Brief Summaries Edit

"Multiple Media of Texts" Edit

 Chapter 6 in, What Writing Does and How It Does It: An Introduction to Analyzing Texts and Textual Practices, is about exactly how all the different media that a text can come in change based on the reader. This Chapter presents, "The Multiple Media of Texts," in which Anne Frances Wysocki discusses the rhetoric of texts and the fine details of how aspects, such as typeface, change the meaning of the text. Of course, Wysocki also, as the title suggests, discusses this through all media of texts. However, all of this is controlled by the author, who in any case, is the rhetorician. Based on the way a text looks or the way a text is designed, reader's are able to immediately tell what the audience is intended to be given the genre of the text. For instance, an academic essay as part of a book will have one look to it (smaller sized font, mostly in Times New Roman, almost no pictures, etc.) and a children's interactive website will have another (big letters, a playful typeface, a myriad of colors, etc.). Whatever the case may be, Wysocki discusses the different ways these media are rhetorical and how so. 

"Why Blog" Edit

"Why Blog," is a chapter in Alex Reid's, Writing Spaces: Readings on Writing. In this chapter Reid discusses the incentives to blog and some helpful ways to go about starting a blog. Reid blogs himself and talks about his blog and why he started in this chapter as well. Blogging is something where the authors have little to no control over who reads their blog. However, there still are intended readers. The brilliant thing about blogs is that there is no one genre, a blog can be about literally anything. Blogs, too, can come in any form, though they are restricted to electronic posts, meaning they need not be only words, they can be videos, pictures, or audio posts.

Social Contexts Edit

Patters are essentially the base of what gives anything meaning. Without patterns within a social context, theoretically readers wouldn't be able to comprehend what words are written on a page. So not only does everything have a pattern but everything also has a social context that defines and limits the way readers can identify (in this case specifically) texts. I think, although Wysocki doesn't spend the entire chapter discussing the social context of something, it's one of her main and most important points. Wysocki's reading really opens up the readers' eyes as to how much of a text really has social context and depends on a situation, and that would be the entirety of it.

One of the more interesting points that Wysocki mentions in this chapter is that color has a significant social context. The example she mentions is that "in China, for example, the traditional color of a bride’s clothing was scarlet and the color of mourning was white." This is something important to note as an author or presenter of visual texts.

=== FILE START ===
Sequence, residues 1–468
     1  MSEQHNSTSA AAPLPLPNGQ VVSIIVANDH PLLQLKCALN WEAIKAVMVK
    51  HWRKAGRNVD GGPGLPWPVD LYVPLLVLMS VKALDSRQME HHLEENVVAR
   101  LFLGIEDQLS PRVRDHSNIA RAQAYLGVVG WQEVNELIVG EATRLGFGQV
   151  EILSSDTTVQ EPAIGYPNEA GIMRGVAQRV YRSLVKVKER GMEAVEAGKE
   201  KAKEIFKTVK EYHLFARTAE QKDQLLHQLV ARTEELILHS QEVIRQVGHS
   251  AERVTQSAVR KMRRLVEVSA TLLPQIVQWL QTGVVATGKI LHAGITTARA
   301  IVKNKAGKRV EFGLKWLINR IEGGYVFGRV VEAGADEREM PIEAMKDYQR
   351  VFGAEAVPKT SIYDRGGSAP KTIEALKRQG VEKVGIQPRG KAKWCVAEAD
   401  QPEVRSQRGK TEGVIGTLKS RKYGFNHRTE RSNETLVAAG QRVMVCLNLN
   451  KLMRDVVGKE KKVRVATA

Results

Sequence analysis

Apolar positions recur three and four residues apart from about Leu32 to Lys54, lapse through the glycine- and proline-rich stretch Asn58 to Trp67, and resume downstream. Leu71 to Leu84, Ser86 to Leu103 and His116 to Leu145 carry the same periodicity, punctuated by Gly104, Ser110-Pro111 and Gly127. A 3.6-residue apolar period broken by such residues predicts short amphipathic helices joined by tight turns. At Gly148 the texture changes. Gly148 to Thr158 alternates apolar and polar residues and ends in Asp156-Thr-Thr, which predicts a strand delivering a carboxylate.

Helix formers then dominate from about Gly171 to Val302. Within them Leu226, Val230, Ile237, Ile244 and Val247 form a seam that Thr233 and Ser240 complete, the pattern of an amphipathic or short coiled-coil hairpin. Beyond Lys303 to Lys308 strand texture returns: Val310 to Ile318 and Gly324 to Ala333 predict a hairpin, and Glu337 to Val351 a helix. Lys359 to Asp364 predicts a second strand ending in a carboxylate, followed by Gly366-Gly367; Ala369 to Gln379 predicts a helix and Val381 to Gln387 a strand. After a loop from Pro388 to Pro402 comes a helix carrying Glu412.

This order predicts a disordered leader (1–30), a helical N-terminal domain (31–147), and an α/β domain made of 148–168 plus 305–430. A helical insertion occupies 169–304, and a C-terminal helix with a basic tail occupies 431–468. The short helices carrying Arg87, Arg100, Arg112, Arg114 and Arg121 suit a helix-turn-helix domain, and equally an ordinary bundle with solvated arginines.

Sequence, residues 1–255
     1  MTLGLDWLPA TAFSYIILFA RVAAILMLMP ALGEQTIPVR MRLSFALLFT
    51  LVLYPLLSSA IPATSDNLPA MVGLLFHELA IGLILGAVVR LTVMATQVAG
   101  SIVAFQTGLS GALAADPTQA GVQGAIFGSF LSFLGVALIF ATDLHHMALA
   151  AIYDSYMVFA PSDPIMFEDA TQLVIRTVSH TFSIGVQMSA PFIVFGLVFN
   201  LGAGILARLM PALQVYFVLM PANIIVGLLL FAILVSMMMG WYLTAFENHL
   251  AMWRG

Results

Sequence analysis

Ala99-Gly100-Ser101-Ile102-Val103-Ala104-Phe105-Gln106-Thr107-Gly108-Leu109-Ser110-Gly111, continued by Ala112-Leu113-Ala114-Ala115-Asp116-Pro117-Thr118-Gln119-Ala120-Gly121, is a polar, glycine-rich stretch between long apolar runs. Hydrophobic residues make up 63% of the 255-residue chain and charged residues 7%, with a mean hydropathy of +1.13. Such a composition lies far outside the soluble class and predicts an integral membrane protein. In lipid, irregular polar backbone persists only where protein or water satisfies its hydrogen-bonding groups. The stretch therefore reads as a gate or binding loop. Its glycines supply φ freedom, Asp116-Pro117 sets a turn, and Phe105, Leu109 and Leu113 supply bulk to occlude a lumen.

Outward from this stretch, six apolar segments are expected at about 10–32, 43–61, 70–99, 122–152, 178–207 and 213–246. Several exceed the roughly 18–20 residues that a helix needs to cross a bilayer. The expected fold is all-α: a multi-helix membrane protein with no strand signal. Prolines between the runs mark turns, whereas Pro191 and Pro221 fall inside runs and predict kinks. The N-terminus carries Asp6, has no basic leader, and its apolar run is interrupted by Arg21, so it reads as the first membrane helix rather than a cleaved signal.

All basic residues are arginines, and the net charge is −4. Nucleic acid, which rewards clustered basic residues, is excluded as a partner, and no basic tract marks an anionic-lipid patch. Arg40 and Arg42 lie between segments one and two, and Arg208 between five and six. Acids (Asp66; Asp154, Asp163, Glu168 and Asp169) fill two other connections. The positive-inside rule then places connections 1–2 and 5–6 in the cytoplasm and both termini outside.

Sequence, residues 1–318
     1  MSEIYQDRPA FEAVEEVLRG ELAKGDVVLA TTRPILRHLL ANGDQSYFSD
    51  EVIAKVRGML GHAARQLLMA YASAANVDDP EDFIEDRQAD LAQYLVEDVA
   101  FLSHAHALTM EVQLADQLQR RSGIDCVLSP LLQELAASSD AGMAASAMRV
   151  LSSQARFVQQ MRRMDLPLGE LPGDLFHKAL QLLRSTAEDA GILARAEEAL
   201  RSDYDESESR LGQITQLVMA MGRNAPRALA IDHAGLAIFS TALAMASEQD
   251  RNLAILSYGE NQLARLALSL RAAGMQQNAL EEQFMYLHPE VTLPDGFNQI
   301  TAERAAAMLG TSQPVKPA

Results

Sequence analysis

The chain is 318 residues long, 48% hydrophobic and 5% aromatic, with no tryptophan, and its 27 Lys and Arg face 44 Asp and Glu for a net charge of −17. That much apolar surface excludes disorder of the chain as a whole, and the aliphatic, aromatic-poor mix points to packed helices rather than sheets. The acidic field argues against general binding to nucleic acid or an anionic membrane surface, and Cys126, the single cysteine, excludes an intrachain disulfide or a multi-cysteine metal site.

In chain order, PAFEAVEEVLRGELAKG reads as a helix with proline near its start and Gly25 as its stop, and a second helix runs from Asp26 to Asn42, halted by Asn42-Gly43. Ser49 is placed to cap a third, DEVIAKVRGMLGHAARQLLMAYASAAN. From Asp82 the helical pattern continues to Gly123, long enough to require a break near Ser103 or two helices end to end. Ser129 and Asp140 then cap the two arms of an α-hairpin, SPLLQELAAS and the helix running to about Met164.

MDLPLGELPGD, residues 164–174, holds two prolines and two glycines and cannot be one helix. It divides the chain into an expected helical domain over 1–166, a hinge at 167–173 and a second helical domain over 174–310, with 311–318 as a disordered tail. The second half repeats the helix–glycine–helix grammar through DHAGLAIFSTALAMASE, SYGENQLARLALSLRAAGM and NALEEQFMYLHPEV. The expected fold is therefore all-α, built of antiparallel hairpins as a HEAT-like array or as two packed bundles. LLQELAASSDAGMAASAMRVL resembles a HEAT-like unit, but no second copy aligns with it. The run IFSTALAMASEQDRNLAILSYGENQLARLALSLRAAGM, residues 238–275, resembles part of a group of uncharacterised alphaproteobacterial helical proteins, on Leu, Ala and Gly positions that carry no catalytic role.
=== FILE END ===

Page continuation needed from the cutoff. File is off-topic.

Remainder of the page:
Blogging, as Alex Reid discusses in his writing, also has social cues and contexts, depending on the blog that you are creating. Style, font, images, colors, all of these elements make a contribution to the type of blog that authors present. Reid gives many suggestions on how to go about blogging that make blogging less intimidating. His rhetorical piece works in the sense that he isn't writing for young teenagers that want to start a blog because technologically that's where our world is standing now. Rather, this chapter in the book is written for college level and older individuals who are looking to start more academically oriented blogs, though not to be misunderstood, he isn't saying those who want to start other genres of blogs shouldn't. In this respect, Reid's chapter, and his whole book.  

These two texts combined give really thoughtful insight on how to analyze better your own text as an author, think more critically about your texts and readers and how to two will fit together, what impact you want your text to have, and what medium fits it best. Moreover, Wysocki and Reid, though at different levels, both go into depth, questioning the reader as a means of guiding them to analytically opening a blog or composing a text. Reading these two helped me get a better perspective into what questions I should be asking myself about the media and my readers as well as allowed me to feel more comfortable branching out into different media.  

Works Cited Edit

Wysocki, Anne Frances. "How Onscreen and Paper Texts Incorporate Words, Images, and Other Media." The Multiple Media of Texts (n.d.): n. pag. Web.  

Reid, Alex. "Why Blog? Searching for Writing on the Web." Alex Reid, 2011. Web. 11 Sept. 2015. 

Other Blogs on Wysocki's "The Multiple Media of Texts" Edit

  1. Writing Across Media Wikia
  2. Revolution Lullabye

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